Hardware: the parts of a computer that can be kicked.
WCAG 2.0 Released
The Web Content Accessibility Guidelines (WCAG) 2.0 were finally published yesterday and are officially described as applying to “
more advanced technologies“. The new guidelines are also supposed to be easier to use and understand (although I’d advise you keep paracetamol and plenty of coffee to hand) and are designed to be more precisely testable via automated testing and human evaluation.
The good news is that most web sites that already conform to WCAG 1.0 should not require significant changes in order to conform to WCAG 2.0. And some may not need any changes — presumably those sites that significantly exceeded Level AA under WCAG 1.0.
However, like everything new, WCAG2.0 is going to take some getting used to…
WCAG 1.0 was based around guidelines & checkpoints (priority 1, 2, or 3). The basis for determining conformance to WCAG 1.0 were the checkpoints. WCAG 2.0, on the other hand, is organised around 4 “
Principles of Web Accessibility” which dictate that web content must be:
- Perceivable — Information and user interface components must be presentable to users in ways they can perceive.
- Operable — User interface components and navigation must be operable.
- Understandable — Information and the operation of user interface must be understandable.
- Robust — Content must be robust enough that it can be interpreted reliably by a wide variety of user agents, including assistive technologies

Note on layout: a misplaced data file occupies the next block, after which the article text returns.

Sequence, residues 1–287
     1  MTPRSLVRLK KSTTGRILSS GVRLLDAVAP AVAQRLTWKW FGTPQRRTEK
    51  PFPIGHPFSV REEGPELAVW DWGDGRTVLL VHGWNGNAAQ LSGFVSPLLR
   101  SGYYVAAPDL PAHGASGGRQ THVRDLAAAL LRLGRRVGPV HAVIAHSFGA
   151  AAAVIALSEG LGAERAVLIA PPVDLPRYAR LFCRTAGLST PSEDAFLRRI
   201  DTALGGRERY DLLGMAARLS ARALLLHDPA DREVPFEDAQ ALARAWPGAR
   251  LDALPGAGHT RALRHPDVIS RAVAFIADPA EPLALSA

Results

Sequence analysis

POUR: Perceivable, Operable, Understandable, Robust.
Each Principle has its guidelines (there are 12 guidelines in total) and each guideline has a number of testable success criteria at Level A, AA, or AAA . The basis for determining conformance to WCAG 2.0 are these success criteria.
Colour contrast issues are covered by Principle 1 (Perceivable):
“Guideline 1.4: Distinguishable: Make it easier for users to see and hear content including separating foreground from background.”
Success Criterion 1.4.3 [Contrast (Minimum)]
The visual presentation of text and images of text has a contrast ratio of at least 4.5:1 for normal text and at least 3:1 for large-scale text (Level AA).
Success Criterion 1.4.6 [Contrast (Enhanced)]
The visual presentation of text and images of text has a contrast ratio of at least 7:1 for normal text and at least 4.5:1 for large-scale text (Level AAA).
In this context, “
large-scale text” is defined as least 18 point for normal weight text and at least 14 point for bold text *.
So, broadly speaking, WCAG 2.0 Success Criteria 1.4.3 and 1.4.6 are comparable to WCAG 1.0 Checkpoint 2.2. Except that we can now also take into account the size and weight of the text used — issues that WCAG 1.0 failed to address. WCAG 2.0 also exempts Logotypes (text that is part of a logo or brand name) from even the minimum contrast requirements — which should remove a major bone of contention between web development and marketing teams.
To further ease the pain of transition, W3C has provided a Comparison of WCAG 1.0 Checkpoints to WCAG 2.0. Happy reading!
*Addendum: For those of us who specify text in ems, I’ve calculated that 18 point text equates to around 1.64em whilst 14 point text is around 1.27em. More on the basis for these figures later. Back